Glasgow International’s originating curator Francis Mckee discusses his third and final instalment of the festival and its official inauguration as a biennial. Reflecting on the young history of the event, McKee recounts its beginnings and achievements, and looks forward as a new director is appointed for the 2010–2012 editions.
Gi grew out of the RAW weekend which in turn was an offshoot of Glasgow Art Fair. There was a feeling that it would be good to direct the public to the galleries and organisations that worked on art all year round, beyond the one-off visits of the art fair. I was asked to curate the festival and it was that curation aspect which was important in establishing a standard for the work included in the programme. Essentially, the festival curator would approve each project included and create some consistency, steering it towards the international contemporary art world. The idea was to showcase local artists who were recognised internationally as well as artists from abroad.
Equally, I wanted to highlight the work of each artist-run space, and the various galleries in the city. This has meant there is a broad spectrum of established and emerging artists and a high degree of commitment across the art world in Glasgow.I think the greatest achievement has been the co-operation of all of the organisations across the city and the unanimous support of a broad range of funders. After the first Gi I think everyone was aware of just how broad the arts infrastructure is in Glasgow. It’s unusual to see such an intense collaboration between so many different partners in an event like this and, in the end, it seems to work relatively smoothly.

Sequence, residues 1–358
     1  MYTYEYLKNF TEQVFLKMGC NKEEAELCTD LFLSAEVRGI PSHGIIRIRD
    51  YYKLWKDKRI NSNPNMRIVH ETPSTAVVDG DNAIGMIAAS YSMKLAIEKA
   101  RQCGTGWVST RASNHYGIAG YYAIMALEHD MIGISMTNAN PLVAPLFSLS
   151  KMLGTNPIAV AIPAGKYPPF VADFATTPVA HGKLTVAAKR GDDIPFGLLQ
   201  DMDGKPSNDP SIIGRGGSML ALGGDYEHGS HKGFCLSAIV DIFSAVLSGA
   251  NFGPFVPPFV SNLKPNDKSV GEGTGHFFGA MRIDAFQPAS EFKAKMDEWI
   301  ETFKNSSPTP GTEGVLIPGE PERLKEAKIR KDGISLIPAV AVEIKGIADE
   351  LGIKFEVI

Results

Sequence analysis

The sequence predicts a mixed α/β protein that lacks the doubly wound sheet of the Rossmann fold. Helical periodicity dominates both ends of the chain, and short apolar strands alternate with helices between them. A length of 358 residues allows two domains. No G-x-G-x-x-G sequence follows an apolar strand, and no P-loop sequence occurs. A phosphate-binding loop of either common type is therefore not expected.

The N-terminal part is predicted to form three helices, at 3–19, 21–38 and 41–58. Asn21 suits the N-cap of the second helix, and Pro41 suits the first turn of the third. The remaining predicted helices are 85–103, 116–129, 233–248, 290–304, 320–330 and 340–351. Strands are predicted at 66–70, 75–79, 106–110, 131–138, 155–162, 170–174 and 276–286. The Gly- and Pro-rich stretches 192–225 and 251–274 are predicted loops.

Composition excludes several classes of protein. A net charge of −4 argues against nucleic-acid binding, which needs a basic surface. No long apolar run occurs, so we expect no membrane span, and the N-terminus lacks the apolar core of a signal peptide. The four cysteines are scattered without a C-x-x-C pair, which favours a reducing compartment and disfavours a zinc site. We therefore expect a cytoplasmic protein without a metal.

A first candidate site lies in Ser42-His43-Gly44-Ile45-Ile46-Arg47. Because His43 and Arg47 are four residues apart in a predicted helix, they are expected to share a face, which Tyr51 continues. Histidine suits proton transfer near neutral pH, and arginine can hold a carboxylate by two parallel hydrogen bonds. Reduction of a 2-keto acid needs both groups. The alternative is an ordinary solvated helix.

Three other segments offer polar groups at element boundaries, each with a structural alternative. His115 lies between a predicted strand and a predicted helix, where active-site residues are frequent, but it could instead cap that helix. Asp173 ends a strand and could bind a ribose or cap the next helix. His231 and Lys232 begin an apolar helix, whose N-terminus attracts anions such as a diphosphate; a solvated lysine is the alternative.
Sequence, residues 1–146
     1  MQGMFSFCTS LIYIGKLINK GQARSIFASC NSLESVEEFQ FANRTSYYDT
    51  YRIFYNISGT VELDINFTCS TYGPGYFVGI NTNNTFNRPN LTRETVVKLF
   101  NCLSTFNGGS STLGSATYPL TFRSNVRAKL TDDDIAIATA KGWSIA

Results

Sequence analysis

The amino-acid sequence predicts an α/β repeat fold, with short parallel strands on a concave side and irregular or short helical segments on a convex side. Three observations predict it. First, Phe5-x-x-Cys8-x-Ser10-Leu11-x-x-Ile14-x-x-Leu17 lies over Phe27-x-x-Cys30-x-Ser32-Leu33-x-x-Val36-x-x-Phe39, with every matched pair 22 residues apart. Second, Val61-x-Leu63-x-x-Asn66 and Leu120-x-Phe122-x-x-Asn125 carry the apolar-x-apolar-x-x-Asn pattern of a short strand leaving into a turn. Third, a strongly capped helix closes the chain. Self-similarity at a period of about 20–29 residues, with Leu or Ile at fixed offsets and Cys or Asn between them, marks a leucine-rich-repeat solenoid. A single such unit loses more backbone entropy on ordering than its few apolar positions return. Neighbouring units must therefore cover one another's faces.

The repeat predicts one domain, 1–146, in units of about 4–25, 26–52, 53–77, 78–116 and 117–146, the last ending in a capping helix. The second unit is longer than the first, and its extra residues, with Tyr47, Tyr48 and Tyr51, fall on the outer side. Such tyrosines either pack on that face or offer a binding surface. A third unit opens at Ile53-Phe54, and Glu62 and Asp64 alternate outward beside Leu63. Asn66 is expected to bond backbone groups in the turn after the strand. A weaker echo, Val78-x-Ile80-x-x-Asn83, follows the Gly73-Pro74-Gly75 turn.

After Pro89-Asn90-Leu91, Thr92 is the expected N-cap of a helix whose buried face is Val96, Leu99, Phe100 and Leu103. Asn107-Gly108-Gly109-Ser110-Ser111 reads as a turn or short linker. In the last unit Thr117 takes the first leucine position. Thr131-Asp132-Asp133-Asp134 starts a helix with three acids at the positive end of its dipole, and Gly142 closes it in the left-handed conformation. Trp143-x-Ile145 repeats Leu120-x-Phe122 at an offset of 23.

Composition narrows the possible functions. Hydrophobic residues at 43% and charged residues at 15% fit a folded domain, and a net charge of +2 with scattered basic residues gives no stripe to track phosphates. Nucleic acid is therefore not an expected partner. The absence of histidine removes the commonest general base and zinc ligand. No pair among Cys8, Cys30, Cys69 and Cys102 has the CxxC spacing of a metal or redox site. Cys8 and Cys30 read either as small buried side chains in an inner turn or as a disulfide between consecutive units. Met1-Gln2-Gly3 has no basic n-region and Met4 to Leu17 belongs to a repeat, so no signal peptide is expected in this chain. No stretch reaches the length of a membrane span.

The festival spirit seems to have survived in Gi. The event itself has grown substantially since it started, so each one in future will now draw in more participants and venues. I think more associated events will spring up around the festival—music, performance, cinema etc.
This year already marks the emergence of a significant series of satellite visual art events. The other key development is the establishment of the curatorial role as a two-festival post. 2008 will be my last Gi and a new curator should be in place for 2010 and 2012 by this April. That adds another important level of engagement— each new curator can demonstrate their take on the Glasgow art scene and introduce different elements into the mix.”
Gi, 11 – 27 April A MAP artists’ commission publication will coincide with Gi and bb5. A MAP discussion on the subject of biennials will be held at CCA, 25 April, 5pm